I almost feel bad for Ti West because In a Valley of Violence is a film that I can guarantee you will be unfairly compared to 2014’s John Wick. Granted, the comparison isn’t necessarily unfounded. After all, both are revenge films about men with a violent past that they are trying to escape from, in this case – Paul (Ethan Hawke), but end up finding themselves on a quest for vengeance after the death of their dog. However, if you’re going to get too caught up on surface level similarities, you end up doing yourself a disservice, not just in terms of how you engage with films, but also in missing out on what is a pretty awesome movie.
I’ve liked, and in some cases loved, most of Ti West’s horror films, with The Innkeepers being my favorite of the bunch. I like his particular brand of slow burn chillers, as divisive as they may end up being. So, even with him finally turn away from horror and into a completely different style of filmmaking, it’s nice to see some of his classic touches within the western genre throughout In a Valley of Violence.
Part of the joy that comes from watching the movie is seeing West completely lose himself in the western sandbox. It’s a film that is clearly made with love, and the feeling is immediate when a cool, retro opening credits sequence plays with an incredible score playing under it by Jeff Grace. It’s a film that echoes westerns of the past, indulging in traditional tropes and stylistic embellishments. It authentically looks and feels like a spaghetti western, not the classy Sergio Leone type, but the cheaper, dirtier, sleazier ones that you don’t normally hear about. Stuff like Death Rides a Horse, A Town Called Hell, My Name is Nobody, etc. However, the film is also straight up hilarious. West plays the tropes with a mostly straight face, but those tropes fall into the laps of characters who are simply incapable of pulling those cool moments off. The villain of the film, Gilly (James Ransone), is a pathetic, hypermasculine dope who is nowhere near as badass as he think he is. Even Gilly’s father, Clyde (John Travolta), cannot control him. His sidekicks are also, in their own ways, weak and incompetent. Taissa Farmiga’s Mary-Anne might be the only sane person in the entire small town that Paul enters and finds trouble in.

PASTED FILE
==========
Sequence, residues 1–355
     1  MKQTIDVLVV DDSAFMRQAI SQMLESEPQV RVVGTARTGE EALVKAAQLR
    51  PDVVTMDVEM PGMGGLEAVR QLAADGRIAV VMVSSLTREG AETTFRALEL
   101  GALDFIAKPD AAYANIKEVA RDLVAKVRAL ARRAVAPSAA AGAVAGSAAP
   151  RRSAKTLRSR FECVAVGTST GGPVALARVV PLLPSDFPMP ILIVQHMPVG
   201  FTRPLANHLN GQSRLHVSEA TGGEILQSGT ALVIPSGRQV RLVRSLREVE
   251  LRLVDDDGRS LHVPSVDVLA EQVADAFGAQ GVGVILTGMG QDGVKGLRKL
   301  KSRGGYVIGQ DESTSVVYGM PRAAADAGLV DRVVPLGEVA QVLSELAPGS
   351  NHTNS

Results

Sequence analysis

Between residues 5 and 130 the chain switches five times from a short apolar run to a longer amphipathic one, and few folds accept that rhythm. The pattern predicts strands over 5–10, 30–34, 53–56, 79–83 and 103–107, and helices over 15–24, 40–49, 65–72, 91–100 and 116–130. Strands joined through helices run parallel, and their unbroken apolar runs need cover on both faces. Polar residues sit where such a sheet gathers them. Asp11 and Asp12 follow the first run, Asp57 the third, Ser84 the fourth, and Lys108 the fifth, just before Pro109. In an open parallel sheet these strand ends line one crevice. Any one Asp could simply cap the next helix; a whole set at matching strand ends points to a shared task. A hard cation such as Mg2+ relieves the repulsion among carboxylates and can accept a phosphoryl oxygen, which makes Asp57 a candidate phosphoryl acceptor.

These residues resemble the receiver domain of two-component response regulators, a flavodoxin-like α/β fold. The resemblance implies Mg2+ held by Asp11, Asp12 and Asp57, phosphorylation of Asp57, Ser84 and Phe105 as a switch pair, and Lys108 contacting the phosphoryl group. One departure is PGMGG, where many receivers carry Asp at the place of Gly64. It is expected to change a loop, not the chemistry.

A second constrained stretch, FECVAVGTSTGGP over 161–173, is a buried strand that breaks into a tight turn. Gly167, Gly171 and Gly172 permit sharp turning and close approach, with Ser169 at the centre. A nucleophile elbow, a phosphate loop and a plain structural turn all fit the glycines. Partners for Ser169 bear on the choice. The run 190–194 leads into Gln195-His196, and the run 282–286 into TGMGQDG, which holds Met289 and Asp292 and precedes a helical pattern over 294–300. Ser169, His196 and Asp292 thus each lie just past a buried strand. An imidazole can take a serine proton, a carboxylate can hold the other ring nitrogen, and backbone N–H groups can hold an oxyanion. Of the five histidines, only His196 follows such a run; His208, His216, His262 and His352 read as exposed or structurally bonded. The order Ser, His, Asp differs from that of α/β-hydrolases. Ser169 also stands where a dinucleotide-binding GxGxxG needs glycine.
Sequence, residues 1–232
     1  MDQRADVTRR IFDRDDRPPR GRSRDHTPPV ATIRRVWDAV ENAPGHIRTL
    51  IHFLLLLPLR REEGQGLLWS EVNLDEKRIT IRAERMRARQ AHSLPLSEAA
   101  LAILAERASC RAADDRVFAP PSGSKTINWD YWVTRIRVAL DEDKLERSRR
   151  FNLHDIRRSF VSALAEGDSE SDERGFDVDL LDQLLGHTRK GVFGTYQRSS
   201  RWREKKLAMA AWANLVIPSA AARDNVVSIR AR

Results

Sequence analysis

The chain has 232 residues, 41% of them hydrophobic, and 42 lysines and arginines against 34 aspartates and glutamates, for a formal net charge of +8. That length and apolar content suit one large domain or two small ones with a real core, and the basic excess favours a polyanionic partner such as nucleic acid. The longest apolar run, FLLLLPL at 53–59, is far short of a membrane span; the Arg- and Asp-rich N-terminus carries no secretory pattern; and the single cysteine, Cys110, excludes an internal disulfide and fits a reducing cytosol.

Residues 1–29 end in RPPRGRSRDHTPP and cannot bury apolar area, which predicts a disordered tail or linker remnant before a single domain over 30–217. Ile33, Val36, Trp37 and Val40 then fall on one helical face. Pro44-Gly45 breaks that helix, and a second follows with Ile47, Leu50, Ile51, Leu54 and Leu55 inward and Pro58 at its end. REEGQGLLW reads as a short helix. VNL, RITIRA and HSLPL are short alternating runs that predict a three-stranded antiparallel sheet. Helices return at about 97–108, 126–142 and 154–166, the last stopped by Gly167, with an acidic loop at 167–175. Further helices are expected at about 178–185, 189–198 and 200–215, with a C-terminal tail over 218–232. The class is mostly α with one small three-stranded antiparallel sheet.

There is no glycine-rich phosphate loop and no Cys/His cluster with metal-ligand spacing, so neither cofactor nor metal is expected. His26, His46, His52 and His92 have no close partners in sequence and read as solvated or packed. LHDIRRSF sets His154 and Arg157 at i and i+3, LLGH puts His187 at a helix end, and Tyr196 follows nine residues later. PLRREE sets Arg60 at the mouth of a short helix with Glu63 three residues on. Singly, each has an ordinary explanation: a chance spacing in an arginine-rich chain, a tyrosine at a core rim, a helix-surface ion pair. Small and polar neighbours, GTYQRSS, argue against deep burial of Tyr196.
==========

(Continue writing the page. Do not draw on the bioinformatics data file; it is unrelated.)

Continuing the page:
West hasn’t been this playful with his characters before, at least not since The Innkeepers, and it helps make the film so much more engaging, especially since it continues his trend of keeping a buildup for a majority of the film all the way to the violent climax. West makes you wait for the blood to start spilling, but the way he bounces these characters off each other in this tiny little world that they live in, it makes the buildup go by surprisingly fast. You actively get to understand, almost empathize, with these characters who are otherwise obnoxious and idiotic. Though, it’s hard not to get behind Paul once he decides to go on his revenge spree, mostly due to Hawke’s performance, which is really raw and played with a level of fury and sadness that almost isn’t even necessary for this kind of movie, but Hawke playing it that way allows for some greater, understated depth and humanity.
In a Valley of Violence is a fairly simple genre exercise on the surface, but there are small details and clever twists with the storytelling that really adds more to the characters. But most importantly, it is just a blast to watch. As pure, unabashed throwback entertainment, this is probably one of the best theatrical experiences I’ve had all year. It’s a film that is lovingly crafted from top to bottom with an obvious appreciation for the genre, and all the actors are totally in sync with West’s bizarro vision of the old west. It’s easily his most accessible film to date, but I would also argue it might even be his best. If West is able to bring this level of playfulness and craftsmanship to a genre he hasn’t touched, I’m more than excited to see where else he is willing to explore. 90/100
In a Valley of Violence will be given a limited theatrical release, as well as on VOD platforms on October 21st.